A cathedral of the mind in Afghanistan

Booknotes looks at a library surviving against great odds

Matiullah Wesa

Matiullah Wesa

The Panjwai Library operates in one of the most dangerous places on earth. Located just west of Kandahar, Panjwai — the birthplace of the Taliban — a region often described as “a living hell.”

It is synonymous with violence, death, mass graves, atrocities, and not all by the Taliban. In 2012 an American soldier shot civilians at random, killing 16; most of which were small children.

Although Canadian troops forced the remaining Taliban out of Panjwai in 2009, they still hold a strong psychological grip on the area.  Armed conflict still erupts, the landscape is still littered with land mines, and any NATO installed government has either been abusive of corrupt (one example is the “ghost schools” —  fake ones set up by officials who collected the funding and overseas aid for education but simply pocketed the money).

Despite all this, 22-year-old Matiullah Wesa has opened a public library out of the basement of his home. Just over 1,600 books, magazines, and newspapers overflow the makeshift shelves which wrap around the modest room. A small desk and a register sit beside a folded up mattress, hinting at what was once Wesa’s spare bedroom. The carpeted floor is the only place to sit, but there are ashtrays and even a spittoon (gross) for readers who chose to stay.

While there are no library cards to be given, there is a small ledger which records who took what books out and when. There are two inherit problems with this system. The first is that Wesa’s older brother is in charge of the ledger, even though he is functionally illiterate. So instead of book titles he only records how many books a persons has checked out.  He does however have an incredible memory, and can name off exactly who has borrowed what books. He also has no trouble walking great distances to someone’s home if their books are overdue.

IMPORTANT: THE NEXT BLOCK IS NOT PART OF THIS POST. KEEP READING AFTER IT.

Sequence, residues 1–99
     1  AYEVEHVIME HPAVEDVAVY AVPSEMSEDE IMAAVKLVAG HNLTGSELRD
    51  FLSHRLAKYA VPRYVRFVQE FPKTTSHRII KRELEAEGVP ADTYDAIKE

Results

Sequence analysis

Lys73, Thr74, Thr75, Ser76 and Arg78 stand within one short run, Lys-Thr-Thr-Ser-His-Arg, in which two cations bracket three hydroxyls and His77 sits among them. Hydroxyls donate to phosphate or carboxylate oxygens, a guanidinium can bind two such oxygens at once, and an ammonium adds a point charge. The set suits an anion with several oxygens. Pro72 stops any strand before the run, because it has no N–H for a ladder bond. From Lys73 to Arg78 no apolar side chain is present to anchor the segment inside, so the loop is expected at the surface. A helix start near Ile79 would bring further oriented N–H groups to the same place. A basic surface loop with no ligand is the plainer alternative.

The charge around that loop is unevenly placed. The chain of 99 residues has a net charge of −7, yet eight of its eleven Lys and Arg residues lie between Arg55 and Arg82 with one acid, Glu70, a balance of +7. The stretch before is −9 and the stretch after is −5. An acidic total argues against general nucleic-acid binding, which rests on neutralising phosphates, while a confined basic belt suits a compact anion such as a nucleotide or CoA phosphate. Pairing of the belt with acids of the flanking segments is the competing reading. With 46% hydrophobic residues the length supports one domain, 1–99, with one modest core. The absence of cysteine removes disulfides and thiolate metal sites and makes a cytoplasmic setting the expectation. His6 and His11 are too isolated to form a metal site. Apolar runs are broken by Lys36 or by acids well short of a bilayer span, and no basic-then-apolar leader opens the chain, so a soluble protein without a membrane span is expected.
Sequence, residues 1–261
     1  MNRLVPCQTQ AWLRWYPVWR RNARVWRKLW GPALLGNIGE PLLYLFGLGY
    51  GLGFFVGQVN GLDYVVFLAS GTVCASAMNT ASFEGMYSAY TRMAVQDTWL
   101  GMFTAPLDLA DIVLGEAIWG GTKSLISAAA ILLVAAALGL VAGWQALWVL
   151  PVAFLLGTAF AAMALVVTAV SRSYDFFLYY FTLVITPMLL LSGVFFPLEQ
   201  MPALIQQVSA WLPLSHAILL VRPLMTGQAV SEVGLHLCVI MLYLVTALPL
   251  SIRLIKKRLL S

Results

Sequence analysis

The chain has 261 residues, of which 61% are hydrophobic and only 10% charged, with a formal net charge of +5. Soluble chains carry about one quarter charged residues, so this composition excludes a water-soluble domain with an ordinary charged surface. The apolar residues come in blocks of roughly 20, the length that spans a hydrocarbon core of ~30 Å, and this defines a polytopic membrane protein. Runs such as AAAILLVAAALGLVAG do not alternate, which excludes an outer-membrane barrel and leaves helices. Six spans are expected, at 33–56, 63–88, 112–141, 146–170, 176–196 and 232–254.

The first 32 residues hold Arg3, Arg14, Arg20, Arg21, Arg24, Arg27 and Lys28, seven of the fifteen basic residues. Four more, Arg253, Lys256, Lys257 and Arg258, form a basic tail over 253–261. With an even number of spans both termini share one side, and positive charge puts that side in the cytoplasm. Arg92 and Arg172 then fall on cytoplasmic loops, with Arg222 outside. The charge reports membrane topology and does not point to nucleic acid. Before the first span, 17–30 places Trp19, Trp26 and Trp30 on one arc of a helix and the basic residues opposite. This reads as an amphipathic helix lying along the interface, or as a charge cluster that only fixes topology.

The second problem is much more difficult. The Panjwai Library operates in a society which has a taboo on speaking or sharing a woman’s name in public. This makes it impossible to keep track of any female wishing to borrow a book. Unofficially, Wesa has made it known that any and all woman may use a pseudonym at his library, even though this will make them impossible to find if they forget to return their books.

Only open since January, the Panjwai Library has about five visitors per day.  This may seem sparse, but in an area of violence and destitution, it is clear the small library is vital and value service to those it serves. The majority of names to be found in the ledger are of young people, eager to read in a land with no schools. Some walk or ride their bikes more than 6 miles just to get a new book to read.

Twenty-two seems awfully young for Wesa to have accomplished something no governmental agency was willing or able to do, but he has been engaged in this type of work since he was only 14. It was then when he created an organization called Pen Path, which collected donated books and distributed them to schools all over Afghanistan that were destroyed by the war.

Leaving the Panjwai Library safely in the hands of his brother, Wesa has now opened similar basement libraries in towns hit hardest by war. It is often thought that public libraries are an impossibility in places without a stable government, but Wesa has been proving this is not so.

Journalist Caitlin Moran has stated that, “a library in the middle of a community is a cross between an emergency exit, a life-raft and a festival. They are cathedrals of the mind; hospitals of the soul; theme parks of the imagination. On a cold rainy island, they are the only sheltered public spaces where you are not a consumer, but a citizen instead.” With this in mind, it is easy to see why the Panjwai Library continues to exist.


Mike Selby is Reference Librarian at the Cranbrook Public Library

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